Olney: What can union chief Tony Clark do to help players get bigger paydays?

MLB Players Association chief Tony Clark has work to do if he wants to avoid a repeat of last winter's frozen hot stove. AP Photo/Morry Gash

For the first time since the middle of George W. Bush’s presidency, MLB team spending on player salaries will decline, according to numbers compiled by Paul Hembekides, a researcher for ESPN Stats & Information.

That’s 14 consecutive years of pretty steady growth, followed by decline. The players’ share of the pie continues to get smaller, and for the owners, even larger.

There are plenty of signs that the winter of 2017-18 was the first wave in a troubling trend, from the explosion in the number of free agents -- the volume works against the players as a function of supply and demand -- to the recent rash of signings of young players who agree to forgo free agency for a year or two or three. The players are aware of all of this, of course, and spring training camps were filled with conversations about what should come next for the union. When Tony Clark met with teams, some players asked the executive director very hard questions. The frustration and anger over the financial shift is raw and deep.

But to date, the union’s collective response has been surprisingly slow, and probably for the obvious reason: In an industry in which careers average only a few years at the big league level, the players are mostly focused on their work. On pitching, on hitting, on the increased preparation required for games scheduled almost daily for six months.

This is why Clark needs to drive the changes that are needed, as soon as possible. In some presidential administrations, cabinet secretaries will provide letters of resignation that can be used when needed, so when the president sees a need for change, he can execute it quickly.

Given the current context, a letter of resignation from Clark would push the players’ executive committee into needed action. This wouldn’t necessarily mean that the letter would be accepted or that Clark’s role or title would even change. But it would give the players an immediate opportunity to reassess, to restructure, to strengthen their side.

And with that proffer of resignation, Clark should recommend that the players create an advisory board -- a legal brain trust -- that could evaluate the union’s position and challenges, and offer suggestions. The counsel of Don Fehr and Gene Orza could be gleaned in this way. Virginia Seitz, who has successfully argued cases on behalf of the players' association in the past, would be another name to consider.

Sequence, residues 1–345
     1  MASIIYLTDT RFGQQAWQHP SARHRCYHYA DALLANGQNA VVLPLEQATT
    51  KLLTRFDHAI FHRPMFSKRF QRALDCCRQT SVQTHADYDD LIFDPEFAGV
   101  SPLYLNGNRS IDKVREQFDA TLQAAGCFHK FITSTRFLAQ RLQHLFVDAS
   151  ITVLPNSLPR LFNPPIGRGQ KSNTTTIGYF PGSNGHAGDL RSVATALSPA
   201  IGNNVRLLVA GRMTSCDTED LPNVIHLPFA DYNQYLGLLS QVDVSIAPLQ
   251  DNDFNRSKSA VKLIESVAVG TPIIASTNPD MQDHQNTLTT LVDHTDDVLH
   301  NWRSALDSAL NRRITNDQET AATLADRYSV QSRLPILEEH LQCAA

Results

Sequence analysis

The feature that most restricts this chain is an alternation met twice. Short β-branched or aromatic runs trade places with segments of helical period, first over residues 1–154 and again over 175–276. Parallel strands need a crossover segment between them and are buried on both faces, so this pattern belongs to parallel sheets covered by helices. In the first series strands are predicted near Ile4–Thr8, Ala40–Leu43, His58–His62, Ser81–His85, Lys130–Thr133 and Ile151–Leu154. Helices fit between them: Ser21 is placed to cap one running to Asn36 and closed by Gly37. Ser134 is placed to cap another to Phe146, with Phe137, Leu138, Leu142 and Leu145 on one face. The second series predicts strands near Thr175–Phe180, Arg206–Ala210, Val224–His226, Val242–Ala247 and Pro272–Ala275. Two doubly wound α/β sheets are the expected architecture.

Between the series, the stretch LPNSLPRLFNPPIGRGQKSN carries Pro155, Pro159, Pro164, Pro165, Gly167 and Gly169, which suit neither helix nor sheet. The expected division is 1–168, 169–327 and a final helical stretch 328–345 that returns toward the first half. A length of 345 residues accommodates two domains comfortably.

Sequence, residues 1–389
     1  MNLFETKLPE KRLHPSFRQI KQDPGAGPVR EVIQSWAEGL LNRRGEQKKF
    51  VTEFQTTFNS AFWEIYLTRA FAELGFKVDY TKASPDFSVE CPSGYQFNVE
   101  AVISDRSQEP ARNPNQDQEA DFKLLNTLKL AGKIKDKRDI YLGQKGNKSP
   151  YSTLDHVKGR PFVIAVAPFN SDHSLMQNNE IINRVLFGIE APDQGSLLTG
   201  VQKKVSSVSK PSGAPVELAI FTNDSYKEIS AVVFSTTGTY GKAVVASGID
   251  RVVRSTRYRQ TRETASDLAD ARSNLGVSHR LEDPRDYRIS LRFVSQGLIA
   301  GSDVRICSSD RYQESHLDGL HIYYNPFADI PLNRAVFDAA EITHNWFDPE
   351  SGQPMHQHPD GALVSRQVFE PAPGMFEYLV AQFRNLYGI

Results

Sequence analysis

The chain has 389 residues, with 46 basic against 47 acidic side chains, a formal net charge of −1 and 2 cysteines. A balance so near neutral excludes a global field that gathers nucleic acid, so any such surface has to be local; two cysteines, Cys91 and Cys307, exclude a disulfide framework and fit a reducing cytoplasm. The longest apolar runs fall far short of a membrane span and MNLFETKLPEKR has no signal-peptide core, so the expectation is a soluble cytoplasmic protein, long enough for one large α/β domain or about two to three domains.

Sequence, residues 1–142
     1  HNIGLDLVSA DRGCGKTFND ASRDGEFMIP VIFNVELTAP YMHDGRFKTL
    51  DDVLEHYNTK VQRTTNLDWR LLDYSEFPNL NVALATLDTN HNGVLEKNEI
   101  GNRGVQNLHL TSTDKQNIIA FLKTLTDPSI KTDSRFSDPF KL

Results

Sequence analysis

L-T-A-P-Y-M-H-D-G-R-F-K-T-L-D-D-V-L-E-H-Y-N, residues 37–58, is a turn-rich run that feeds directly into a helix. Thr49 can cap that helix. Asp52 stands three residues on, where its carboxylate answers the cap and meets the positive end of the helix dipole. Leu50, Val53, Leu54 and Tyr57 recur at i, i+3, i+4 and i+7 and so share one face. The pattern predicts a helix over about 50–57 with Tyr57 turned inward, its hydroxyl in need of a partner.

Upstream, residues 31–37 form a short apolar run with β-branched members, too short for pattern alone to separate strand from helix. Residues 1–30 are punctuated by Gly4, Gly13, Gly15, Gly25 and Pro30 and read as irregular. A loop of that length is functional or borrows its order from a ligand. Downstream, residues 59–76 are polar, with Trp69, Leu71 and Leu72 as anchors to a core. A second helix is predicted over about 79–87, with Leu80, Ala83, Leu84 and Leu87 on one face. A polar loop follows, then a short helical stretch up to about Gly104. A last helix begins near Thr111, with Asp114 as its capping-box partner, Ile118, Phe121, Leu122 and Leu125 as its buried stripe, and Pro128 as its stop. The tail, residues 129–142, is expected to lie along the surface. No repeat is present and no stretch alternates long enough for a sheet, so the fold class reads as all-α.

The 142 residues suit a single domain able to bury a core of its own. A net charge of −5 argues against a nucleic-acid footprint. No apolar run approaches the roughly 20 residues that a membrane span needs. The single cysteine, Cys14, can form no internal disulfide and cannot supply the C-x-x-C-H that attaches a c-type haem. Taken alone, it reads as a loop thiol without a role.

As it stands, some players have talked about waiting until the executive-board meeting in the forthcoming offseason to give Clark more time for change on his own. Clark is well-liked and well-respected as a person, and some players respect how much he cares for them. But the players should not wait to start the engine of change.

“Each day that passes jeopardizes the next market,” one agent said, “and limits [the group] that is going to lead. Each day that passes is a lost day.”

A big-picture strategy is needed as soon as possible to combat the effects of the recent spending trends: the front-office aversion to investing in free agents over 30 years old; the increased specialization of roles, which limits the earning power of pitchers and position players being rested more often; the enormous classes of free agents.

But the union cannot adequately prioritize issues and create the desperately needed vision until it determines what form the leadership will take, whether Clark leads a revamped legal team or he works in concert with an all-star team of union lawyers or new lawyers take control.

There was talk among some players in spring training about preparing for labor war when the current collective bargaining agreement expires in a few years. That can be helpful only if those conversations serve to educate a generation of players who haven’t been through a work stoppage.

But there are a whole lot of steps that could be taken before the summer of 2021. None of them can really be explored until the players create the leadership they want and need. Once that happens, the players' association can purposefully engage Major League Baseball on the issues that folks on both sides see as problematic -- for example, the increased number of teams that tank seasons and don’t spend. Those conversations will take time -- for idea exchange, for bargaining, for identifying common ground and solutions.

Clark would help the players he really cares about by leading them to the changes the union needs.

• Inevitably, there will be more spending on free agents next winter than this winter, because the class might include Manny Machado, Bryce Harper, Clayton Kershaw and Josh Donaldson. “Beyond that, it is going to be a disaster -- again,” an agent predicted.

From Hembekides: Teams committed almost a billion dollars less in major league free-agent contracts this offseason than each of the previous two, dropping to $1.47 billion from $2.41 billion in 2016-17 and $2.53 billion in 2015-16. As a result, it's obviously safe to speculate if payroll growth will ever gain the momentum it did for much of the past 15 years.

Challenges and quirks in the regular-season schedule